Tuesday, December 12, 2017

Tonya Harding Rolls with the Punches

I, Tonya, which explores the public perception of this country’s most notorious ice queen, could not be timelier. These days—when image is everything and a future president once bragged that his great popularity would allow him to get away with murder—the story of figure-skater Tonya Harding seems right on the money in terms of the way we Americans look at crime. What happened backstage at a Detroit ice arena two decades ago definitely has legs, and this new film brought it all flashing back to me.

I’m a fan of competitive figure-skating, especially when the Winter Olympics are drawing near. So I absolutely remember the build-up to the 1994 U.S. Figure Skating Championships, which would determine the American skaters who’d vie for Olympic gold. The ladies’ event pitted Nancy Kerrigan, a slender, fragile-looking young lady from Massachusetts who was known for her grace on the ice against Tonya Harding, a solidly-built wild-child from Portland, Oregon, renowned for her athleticism. (She was the first American female to successfully land a triple-axel in competition.) Unfortunately for Tonya, who came from a working-class background, she never fit neatly into the genteel world of ladies’ figure-skating. In an arena where it helped to seem delicate and demure, she was a powerhouse on the ice. The product of two bad marriages (her mother’s and her own), she projected an image that was tough as nails, and she had the mouth (as well as the swagger) to turn judges against her.

On that infamous evening in Detroit,  Nancy Kerrigan—following a practice session—was felled in an arena hallway by an assailant wielding a metal police baton. The assault badly bruised her leg, but it could have been far worse: her kneecap was the apparent target. The news reports that quickly flashed across the nation featured Kerrigan on the ground, writhing in pain, moaning “Why me?” It didn’t take long to locate the “masterminds” behind the senseless attack: Tonya Harding’s ex-husband and his goofball friend, who was Tonya’s self-anointed body-guard. The question of Harding’s own culpability has never been settled. She has always denied that she knew of the plan, but her innocence is far from certain. In any case, she (so obviously a bad-girl), was quickly declared guilty in the court of public opinion. Today there are those still convinced that SHE was the baton-wielder, striking down her toughest competition for a spot on the Olympic team. The press happily went along with this scenario, which pitted a trailer-trash vixen against a sweet little swan, (Nancy’s big number used music from Tchaikovsky’s Swan Lake.)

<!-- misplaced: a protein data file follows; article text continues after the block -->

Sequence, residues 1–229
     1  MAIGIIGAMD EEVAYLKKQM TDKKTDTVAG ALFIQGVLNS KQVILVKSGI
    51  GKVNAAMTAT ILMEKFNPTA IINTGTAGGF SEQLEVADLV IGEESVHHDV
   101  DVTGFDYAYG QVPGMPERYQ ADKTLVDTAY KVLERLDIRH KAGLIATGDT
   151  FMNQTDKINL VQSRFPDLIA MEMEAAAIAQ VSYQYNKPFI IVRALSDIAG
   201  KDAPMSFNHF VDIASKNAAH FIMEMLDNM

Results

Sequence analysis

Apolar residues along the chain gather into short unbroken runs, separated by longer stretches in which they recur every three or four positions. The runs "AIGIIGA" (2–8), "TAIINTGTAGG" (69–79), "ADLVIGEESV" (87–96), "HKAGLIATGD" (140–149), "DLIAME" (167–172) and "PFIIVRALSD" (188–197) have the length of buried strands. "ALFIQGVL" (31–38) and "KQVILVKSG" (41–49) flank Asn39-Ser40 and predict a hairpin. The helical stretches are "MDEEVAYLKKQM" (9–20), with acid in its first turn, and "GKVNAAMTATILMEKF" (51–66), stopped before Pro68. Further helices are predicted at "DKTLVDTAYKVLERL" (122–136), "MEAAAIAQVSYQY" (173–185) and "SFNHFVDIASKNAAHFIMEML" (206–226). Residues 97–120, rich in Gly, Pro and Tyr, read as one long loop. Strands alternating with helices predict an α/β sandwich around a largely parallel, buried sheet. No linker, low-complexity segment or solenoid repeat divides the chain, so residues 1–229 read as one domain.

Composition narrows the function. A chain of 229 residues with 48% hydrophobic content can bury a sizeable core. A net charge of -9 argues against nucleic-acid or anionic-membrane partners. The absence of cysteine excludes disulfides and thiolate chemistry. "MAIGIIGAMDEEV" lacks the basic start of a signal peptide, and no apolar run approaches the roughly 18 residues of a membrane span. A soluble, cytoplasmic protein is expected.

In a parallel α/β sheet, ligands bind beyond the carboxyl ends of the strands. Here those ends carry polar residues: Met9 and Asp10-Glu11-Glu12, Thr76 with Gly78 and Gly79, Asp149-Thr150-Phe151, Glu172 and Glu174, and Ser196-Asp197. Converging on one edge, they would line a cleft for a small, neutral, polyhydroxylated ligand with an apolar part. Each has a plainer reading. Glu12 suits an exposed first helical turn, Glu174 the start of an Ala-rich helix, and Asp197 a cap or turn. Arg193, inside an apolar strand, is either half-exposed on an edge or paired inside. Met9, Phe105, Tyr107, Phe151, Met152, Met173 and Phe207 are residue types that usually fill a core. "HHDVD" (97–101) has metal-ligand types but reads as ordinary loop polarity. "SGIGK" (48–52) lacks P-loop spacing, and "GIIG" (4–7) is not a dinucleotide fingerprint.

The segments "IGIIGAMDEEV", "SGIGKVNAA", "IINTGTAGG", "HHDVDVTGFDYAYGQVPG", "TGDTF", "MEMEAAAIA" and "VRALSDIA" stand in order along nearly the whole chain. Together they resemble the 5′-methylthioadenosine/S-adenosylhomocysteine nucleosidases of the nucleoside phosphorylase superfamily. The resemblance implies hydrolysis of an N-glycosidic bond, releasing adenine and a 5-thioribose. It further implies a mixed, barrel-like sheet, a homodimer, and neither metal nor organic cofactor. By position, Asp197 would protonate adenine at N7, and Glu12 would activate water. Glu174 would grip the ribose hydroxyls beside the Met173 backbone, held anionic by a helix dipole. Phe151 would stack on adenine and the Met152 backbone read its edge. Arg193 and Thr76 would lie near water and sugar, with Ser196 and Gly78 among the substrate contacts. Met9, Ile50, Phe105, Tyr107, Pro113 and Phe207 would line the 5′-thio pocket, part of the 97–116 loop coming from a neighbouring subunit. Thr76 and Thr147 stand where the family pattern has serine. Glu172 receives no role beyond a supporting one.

I, Tonya doesn’t exactly set this misperception to rights. Instead, it does something far more interesting, using a documentary format to conduct on-camera interviews with Tonya (Margot Robbie) and the dominant figures in her life, including abusive ex-husband Jeff Gillooly (Sebastian Stan), and her gorgon of a mother, LaVona (the unforgettable Allison Janney). Those interviews give us pieces of the story, but also show us what a rare thing it is to be able to nail down the facts of a notorious public event. Characters contradict one another, and talk back to the camera. At one striking moment Tonya even blames us in the audience for the prurient attention that encourages reporters to run with half-truths. 

The real Tonya Harding was interviewed extensively for this film. In Robbie’s spirited portrayal, she comes across as an often infuriating but ultimately sad figure. Still, she’s a survivor. What did she do after being banned for life from the figure-skating world? In 2003, she debuted as a professional boxer. Ouch!

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